5 results for “ca. 1928”

Dill Pickle Tea Room

This advertisement from the Dill Pickle Club suggests some of the appeal of bohemian night spots: conversation, special parties, and “atmosphere.”

Date
ca. 1928
Subjects
Advertising
Amusements
Dill Pickle Club
Places
Chicago (Ill.)
Dill Pickle Lending Library

Among Chicago's most unusual contributions to the culture of modern urban life was the Dill Pickle Club, located at 18 Tooker Alley just east of Bughouse Square. Operating as a coffeehouse, art gallery, and speakeasy, 'The Pickle' welcomed hoboes, prostitutes, professors, and every variety of nonconformist passing through Chicago. The club hosted weekend jazz dance parties and little theater productions of Strindberg, Ibsen, O'Neill, and local playwrights. It hosted serious lectures by university professors and spoof debates staged for pure entertainment. In its early years, the Pickle was a meeting place for some of Chicago's most famous authors, intellectuals, and radicals, including Carl Sandburg, Sherwood Anderson, Floyd Dell, Clarence Darrow, Ben Reitman, Lucy Parsons, Ralph Chaplin, Ben Hecht, Harriet Monroe, and Vachel Lindsay.

Subjects
Amusements
Dill Pickle Club
Places
Chicago (Ill.)
Step High, Stoop Low, Leave Your Dignity Outside: Entrance to the Dill Pickle Club, 18 Tooker Alley

Among Chicago's most unusual contributions to the culture of modern urban life was the Dill Pickle Club, located at 18 Tooker Alley just east of Bughouse Square. Operating as a coffeehouse, art gallery, and speakeasy, “The Pickle” welcomed hoboes, prostitutes, professors, and every variety of nonconformist passing through Chicago. The club hosted weekend jazz dance parties and little theater productions of Strindberg, Ibsen, O'Neill, and local playwrights. It hosted serious lectures by university professors and spoof debates staged for pure entertainment. In its early years, the Pickle was a meeting place for some of Chicago's most famous authors, intellectuals, and radicals, including Carl Sandburg, Sherwood Anderson, Floyd Dell, Clarence Darrow, Ben Reitman, Lucy Parsons, Ralph Chaplin, Ben Hecht, Harriet Monroe, and Vachel Lindsay.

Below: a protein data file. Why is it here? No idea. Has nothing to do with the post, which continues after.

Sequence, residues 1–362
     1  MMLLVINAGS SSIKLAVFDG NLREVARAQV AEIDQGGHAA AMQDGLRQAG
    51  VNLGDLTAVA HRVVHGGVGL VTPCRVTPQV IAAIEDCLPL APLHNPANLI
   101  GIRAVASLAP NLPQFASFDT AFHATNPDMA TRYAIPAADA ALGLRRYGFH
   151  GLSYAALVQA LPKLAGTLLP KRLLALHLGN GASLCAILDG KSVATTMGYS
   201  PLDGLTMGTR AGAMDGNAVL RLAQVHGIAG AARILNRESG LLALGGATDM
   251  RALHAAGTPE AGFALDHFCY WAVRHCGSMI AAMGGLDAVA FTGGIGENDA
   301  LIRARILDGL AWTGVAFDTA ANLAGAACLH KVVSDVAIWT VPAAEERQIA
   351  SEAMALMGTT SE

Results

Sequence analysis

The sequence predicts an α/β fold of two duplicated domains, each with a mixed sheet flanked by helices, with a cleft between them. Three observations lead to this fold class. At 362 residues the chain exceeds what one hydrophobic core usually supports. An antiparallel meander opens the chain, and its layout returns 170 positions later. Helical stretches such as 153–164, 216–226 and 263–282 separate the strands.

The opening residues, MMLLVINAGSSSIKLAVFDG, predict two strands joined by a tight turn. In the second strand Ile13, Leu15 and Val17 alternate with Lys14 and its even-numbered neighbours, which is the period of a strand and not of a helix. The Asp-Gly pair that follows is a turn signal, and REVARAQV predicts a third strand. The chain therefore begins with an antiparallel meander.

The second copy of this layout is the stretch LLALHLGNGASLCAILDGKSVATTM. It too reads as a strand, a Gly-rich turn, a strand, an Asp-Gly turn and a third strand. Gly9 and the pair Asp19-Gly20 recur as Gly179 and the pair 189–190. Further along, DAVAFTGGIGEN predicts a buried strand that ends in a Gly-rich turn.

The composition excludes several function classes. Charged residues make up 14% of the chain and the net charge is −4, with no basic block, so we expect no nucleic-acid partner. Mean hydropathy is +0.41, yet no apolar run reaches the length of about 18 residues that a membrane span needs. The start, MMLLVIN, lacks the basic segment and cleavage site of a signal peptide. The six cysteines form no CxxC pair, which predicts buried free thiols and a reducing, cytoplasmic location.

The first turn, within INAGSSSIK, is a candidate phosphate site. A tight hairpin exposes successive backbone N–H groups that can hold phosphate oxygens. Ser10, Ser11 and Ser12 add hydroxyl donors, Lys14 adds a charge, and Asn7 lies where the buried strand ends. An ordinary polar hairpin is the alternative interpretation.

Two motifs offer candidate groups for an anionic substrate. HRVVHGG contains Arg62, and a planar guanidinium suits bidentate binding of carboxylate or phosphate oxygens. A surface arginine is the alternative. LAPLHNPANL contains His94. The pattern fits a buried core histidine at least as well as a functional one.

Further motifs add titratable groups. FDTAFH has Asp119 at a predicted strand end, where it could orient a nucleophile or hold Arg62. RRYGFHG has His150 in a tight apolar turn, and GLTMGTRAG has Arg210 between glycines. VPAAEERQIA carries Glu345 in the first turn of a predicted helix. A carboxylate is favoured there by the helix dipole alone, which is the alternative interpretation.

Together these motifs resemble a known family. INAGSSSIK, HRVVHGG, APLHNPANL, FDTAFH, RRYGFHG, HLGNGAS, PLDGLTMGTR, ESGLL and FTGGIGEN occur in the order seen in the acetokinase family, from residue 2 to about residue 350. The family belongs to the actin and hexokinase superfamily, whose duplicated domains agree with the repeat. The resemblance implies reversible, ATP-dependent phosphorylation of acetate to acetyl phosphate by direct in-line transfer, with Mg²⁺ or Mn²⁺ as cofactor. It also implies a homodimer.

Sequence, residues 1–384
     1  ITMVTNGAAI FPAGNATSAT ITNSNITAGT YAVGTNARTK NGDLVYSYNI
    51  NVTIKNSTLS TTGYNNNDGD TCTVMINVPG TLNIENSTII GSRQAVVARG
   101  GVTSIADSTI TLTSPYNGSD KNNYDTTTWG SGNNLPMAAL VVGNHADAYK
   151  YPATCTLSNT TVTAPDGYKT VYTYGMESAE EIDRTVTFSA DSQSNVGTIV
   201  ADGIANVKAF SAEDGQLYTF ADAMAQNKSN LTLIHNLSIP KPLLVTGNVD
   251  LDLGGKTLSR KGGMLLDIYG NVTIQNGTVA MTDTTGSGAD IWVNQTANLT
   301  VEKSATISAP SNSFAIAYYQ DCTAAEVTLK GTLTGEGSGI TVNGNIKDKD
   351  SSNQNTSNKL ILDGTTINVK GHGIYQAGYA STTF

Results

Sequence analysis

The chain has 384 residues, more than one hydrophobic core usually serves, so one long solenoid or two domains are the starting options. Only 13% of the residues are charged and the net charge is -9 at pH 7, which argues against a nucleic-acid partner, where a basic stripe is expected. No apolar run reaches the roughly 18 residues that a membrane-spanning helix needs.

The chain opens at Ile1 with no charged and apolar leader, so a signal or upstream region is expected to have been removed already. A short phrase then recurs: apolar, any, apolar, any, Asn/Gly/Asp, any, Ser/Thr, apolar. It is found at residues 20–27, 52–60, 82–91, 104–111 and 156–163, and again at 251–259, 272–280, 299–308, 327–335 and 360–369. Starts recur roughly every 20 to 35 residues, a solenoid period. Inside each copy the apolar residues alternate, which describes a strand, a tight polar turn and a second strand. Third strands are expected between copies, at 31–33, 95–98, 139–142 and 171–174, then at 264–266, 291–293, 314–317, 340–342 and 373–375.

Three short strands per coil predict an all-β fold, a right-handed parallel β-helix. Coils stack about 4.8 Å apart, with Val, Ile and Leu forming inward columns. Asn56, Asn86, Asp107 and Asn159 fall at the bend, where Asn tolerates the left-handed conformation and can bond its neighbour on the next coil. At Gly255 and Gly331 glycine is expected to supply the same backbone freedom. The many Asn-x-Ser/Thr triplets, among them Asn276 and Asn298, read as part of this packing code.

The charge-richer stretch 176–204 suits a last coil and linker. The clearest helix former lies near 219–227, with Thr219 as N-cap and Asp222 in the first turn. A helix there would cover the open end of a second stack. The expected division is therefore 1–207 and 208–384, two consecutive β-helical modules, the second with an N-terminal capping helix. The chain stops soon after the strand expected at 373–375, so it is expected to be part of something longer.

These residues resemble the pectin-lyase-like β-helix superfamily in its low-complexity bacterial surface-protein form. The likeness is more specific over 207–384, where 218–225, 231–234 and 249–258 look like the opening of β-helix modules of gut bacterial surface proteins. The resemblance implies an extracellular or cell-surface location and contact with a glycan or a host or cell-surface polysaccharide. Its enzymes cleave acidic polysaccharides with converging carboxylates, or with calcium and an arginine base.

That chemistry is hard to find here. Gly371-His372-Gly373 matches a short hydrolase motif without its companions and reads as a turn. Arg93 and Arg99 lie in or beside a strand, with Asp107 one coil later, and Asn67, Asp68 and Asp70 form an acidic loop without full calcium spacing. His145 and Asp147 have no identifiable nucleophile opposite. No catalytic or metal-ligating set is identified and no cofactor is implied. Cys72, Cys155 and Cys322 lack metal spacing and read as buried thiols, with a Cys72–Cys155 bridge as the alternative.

Date
ca. 1920-1930
Subjects
Amusements
Dill Pickle Club
Places
Chicago (Ill.)
Cover of _Clason's Touring Atlas of the United States and Canada_

Clason's Touring Atlas of the United States and Canada featured maps, tourist attractions, and “the best routes to the wonders of America.” The Clason Map Co. also produced “Clason's Green Guides” with in-depth information by state. The front cover of this map pictures an Indian waving as a car speeds past. One of the passengers, perhaps a young boy, waves back.

Creator
Clason Map Company
Date
1920
Subjects
Atlases
Tourism
Visions of history
Places
Canada
United States
Advertisement for a lecture by Dr. Magnus Hirshfeld, Chicago, 1931.

Magnus Hirschfeld, an openly gay German physician, was a long-time advocate of human rights for sexual minorities. He founded the Scientific Humanitarian Committee in 1897 to advocate for the decriminalization of homosexuality in Germany and the World League for Sexual Reform on a Scientific Basis in 1928. Hirschfeld's lecture at Chicago's Dill Pickle Club in 1931 was said to have drawn an audience of over 300.

Creator
Dill Pickle Club
Date
1931
Subjects
Advertising
Gender and society
Homosexuality
Places
Chicago (Ill.)